Every week, Sumair and I will post our most interesting service-minded stories for the week as part of a Friday recap. We’ll comment on one story each and then add 3 others for your review.
For the seventh installment, and week 12 of 2017:
Topic: Zappos & the 1-800-Line to a Human
Source: If Chatbots Win, Customers Lose, Says Zappos Customer Service Expert: https://www.forbes.com/sites/micahsolomon/2017/03/23/customers-lose-if-chatbots-win-says-zappos-customer-service-expert/#112fbc336087
Commentary: The impact of artificial intelligence and chatbots in customer service is more than science fiction (as seen in our “Other Articles” below). But when should organizations use machines to deliver service and when is the human touch more appropriate? The customer experience is important for businesses and missing an opportunity to deliver value is no longer acceptable. As seen in recent summary findings from our CEx research, 94% of organizations state the improvement of the customer experience is a priority for their business with 68% seeing CX as a differentiator. These findings only muddy the water regarding how service organizations need to approach the use of technology to support customers in a more efficient way which may be less friendly (but less costly). If CX is so important and the way in which you beat out your competition for share of wallet and new customers, why would you ever leave service to a robot. I think the sweet spot is finding which interactions your customers are ok with an android and which demand empathy and that extra mile only delivered (currently) by a human. Sometimes you just need a simple answer which can be delivered quickly via an automated solution. In these cases, waiting for a human might be more frustrating for a customer. So, I don’t think the Zappos stance of a human interaction as always being the interaction which provides the most value as true for all businesses, but I would definitely be a customer for life if a human customer service agent went the extra mile(s) to return my prized possession.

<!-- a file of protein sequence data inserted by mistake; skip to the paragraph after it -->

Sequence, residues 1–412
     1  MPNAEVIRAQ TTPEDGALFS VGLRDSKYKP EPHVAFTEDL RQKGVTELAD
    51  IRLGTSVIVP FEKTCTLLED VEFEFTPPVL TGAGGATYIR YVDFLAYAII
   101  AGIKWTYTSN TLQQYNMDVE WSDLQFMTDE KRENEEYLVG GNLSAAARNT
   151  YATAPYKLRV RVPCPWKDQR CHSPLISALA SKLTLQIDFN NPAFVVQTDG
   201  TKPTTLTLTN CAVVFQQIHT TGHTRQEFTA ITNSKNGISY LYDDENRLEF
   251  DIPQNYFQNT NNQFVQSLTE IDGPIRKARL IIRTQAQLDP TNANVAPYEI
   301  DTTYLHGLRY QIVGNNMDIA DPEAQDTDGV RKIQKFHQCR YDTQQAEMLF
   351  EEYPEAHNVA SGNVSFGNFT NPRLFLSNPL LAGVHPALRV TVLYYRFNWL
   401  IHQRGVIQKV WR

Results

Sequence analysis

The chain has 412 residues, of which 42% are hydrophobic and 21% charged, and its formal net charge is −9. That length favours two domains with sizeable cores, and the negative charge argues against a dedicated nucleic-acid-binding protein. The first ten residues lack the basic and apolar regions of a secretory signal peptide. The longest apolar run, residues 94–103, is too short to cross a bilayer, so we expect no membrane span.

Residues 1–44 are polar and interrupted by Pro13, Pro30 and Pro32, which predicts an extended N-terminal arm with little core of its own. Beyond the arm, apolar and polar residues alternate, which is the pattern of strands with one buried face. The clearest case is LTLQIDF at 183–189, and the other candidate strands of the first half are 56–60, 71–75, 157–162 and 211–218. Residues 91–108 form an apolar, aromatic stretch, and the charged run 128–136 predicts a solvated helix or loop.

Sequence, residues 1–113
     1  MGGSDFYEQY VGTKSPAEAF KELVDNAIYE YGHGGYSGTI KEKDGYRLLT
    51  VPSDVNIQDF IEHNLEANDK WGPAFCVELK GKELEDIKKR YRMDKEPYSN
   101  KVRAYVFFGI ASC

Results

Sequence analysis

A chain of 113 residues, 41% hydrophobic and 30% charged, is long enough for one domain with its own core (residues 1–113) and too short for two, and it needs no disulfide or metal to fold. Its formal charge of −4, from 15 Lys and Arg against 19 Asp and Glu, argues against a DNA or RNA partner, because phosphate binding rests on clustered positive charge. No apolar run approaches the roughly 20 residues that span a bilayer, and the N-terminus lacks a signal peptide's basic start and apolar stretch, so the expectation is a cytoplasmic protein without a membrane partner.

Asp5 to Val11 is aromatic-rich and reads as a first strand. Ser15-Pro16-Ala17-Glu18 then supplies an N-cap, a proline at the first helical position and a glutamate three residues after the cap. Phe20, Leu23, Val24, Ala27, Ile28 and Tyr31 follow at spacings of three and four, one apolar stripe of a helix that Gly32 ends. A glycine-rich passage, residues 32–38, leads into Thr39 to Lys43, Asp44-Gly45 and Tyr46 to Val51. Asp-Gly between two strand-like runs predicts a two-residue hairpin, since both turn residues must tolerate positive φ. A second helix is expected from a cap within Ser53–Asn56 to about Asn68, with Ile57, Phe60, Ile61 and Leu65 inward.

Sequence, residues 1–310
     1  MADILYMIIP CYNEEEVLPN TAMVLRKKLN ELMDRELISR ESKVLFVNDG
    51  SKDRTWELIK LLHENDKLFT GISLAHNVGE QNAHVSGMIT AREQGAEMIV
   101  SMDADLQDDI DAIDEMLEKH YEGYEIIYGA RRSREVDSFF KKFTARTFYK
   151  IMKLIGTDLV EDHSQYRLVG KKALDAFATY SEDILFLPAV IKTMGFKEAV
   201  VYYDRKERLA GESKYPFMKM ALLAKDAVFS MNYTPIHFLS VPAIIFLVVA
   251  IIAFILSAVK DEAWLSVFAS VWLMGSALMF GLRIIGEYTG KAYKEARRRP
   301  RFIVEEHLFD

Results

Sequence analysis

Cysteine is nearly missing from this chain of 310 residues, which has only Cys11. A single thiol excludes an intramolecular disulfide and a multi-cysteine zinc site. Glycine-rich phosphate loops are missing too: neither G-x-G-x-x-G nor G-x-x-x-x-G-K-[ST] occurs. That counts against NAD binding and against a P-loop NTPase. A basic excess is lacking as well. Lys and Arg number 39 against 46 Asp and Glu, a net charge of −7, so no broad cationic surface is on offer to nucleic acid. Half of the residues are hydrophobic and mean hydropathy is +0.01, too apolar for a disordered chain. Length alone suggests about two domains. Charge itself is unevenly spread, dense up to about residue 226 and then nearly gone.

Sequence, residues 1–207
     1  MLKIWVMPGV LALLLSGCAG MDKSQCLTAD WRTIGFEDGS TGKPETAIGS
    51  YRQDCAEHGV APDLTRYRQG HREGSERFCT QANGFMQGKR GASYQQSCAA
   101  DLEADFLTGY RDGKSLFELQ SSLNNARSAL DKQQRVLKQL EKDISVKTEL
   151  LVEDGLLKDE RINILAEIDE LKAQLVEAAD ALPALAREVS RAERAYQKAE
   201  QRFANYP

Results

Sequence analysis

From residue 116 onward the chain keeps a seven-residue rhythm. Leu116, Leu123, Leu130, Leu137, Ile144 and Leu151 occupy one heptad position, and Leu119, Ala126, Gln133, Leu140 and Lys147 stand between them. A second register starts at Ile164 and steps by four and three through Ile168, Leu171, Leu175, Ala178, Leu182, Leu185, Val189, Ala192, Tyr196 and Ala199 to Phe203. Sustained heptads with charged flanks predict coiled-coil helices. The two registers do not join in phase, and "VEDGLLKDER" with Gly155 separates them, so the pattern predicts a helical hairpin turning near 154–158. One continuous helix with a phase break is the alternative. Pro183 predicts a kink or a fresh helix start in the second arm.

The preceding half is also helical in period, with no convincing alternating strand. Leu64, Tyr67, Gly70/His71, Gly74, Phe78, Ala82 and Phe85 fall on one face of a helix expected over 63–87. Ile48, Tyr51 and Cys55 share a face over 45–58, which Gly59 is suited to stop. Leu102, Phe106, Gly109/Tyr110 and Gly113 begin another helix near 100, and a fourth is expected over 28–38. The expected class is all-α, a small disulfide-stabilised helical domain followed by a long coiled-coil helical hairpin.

Topic: Perfect Orders and Customer Satisfaction
Source: Forbes: https://www.forbes.com/sites/stevebanker/2016/02/03/a-leading-computer-manufacturers-perfect-order-journey/#38f42be46582
Commentary: This is an interesting piece on Dell’s use of Perfect Order Metric (POM) as an indicator of customer satisfaction. POM is a compound metric built on other performance metrics and is used in supply chain management. There are other compound metrics such as the perfect pick used in warehouse management. POM has its critics and detractors but is a valuable benchmarking resource especially when based on factors that are most important to customers. In Dell’s instance, customers wanted the organization to improve in areas measured by the metric, therefore allowing for a better link between results and customer loyalty scores.
Does field service need a compound metric? We investigated this concept a while back. It might be difficult to compare the metric across organizations with varying field service models, but it could be a vital number for organizations to consider when evaluating or tracking their progress.
Our Three Other Articles
1- Customer Service Chatbots Are About to Become Frighteningly Realistic (MIT Review, 3/22/17)
2- Improving Customer Experience With Marketing Analytics At 3 Day Blinds (Forbes, 3/23/17)
3- Bad Customer Service Mistakes That Will Destroy Your Business (Small Business Trends, 3/20/17)
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Till next week.